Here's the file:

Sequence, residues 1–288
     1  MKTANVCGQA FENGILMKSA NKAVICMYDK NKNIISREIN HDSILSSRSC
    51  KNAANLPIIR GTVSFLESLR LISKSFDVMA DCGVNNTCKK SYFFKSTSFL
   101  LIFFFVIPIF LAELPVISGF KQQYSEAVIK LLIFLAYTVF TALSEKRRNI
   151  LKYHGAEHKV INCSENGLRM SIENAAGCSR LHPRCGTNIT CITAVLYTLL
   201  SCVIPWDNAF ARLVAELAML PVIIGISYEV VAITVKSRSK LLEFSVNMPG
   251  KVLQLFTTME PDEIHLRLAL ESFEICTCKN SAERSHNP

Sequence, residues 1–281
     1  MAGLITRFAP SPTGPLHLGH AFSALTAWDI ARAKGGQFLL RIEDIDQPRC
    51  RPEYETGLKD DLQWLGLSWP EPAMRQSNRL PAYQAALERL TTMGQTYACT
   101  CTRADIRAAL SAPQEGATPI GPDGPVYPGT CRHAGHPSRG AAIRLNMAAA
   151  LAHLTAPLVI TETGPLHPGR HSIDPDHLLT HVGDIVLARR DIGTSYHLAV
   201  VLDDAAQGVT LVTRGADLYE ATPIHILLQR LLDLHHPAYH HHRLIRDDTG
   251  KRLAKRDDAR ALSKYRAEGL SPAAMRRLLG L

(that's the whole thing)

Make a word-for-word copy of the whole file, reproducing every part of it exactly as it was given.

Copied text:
Sequence, residues 1–288
     1  MKTANVCGQA FENGILMKSA NKAVICMYDK NKNIISREIN HDSILSSRSC
    51  KNAANLPIIR GTVSFLESLR LISKSFDVMA DCGVNNTCKK SYFFKSTSFL
   101  LIFFFVIPIF LAELPVISGF KQQYSEAVIK LLIFLAYTVF TALSEKRRNI
   151  LKYHGAEHKV INCSENGLRM SIENAAGCSR LHPRCGTNIT CITAVLYTLL
   201  SCVIPWDNAF ARLVAELAML PVIIGISYEV VAITVKSRSK LLEFSVNMPG
   251  KVLQLFTTME PDEIHLRLAL ESFEICTCKN SAERSHNP

Sequence, residues 1–281
     1  MAGLITRFAP SPTGPLHLGH AFSALTAWDI ARAKGGQFLL RIEDIDQPRC
    51  RPEYETGLKD DLQWLGLSWP EPAMRQSNRL PAYQAALERL TTMGQTYACT
   101  CTRADIRAAL SAPQEGATPI GPDGPVYPGT CRHAGHPSRG AAIRLNMAAA
   151  LAHLTAPLVI TETGPLHPGR HSIDPDHLLT HVGDIVLARR DIGTSYHLAV
   201  VLDDAAQGVT LVTRGADLYE ATPIHILLQR LLDLHHPAYH HHRLIRDDTG
   251  KRLAKRDDAR ALSKYRAEGL SPAAMRRLLG L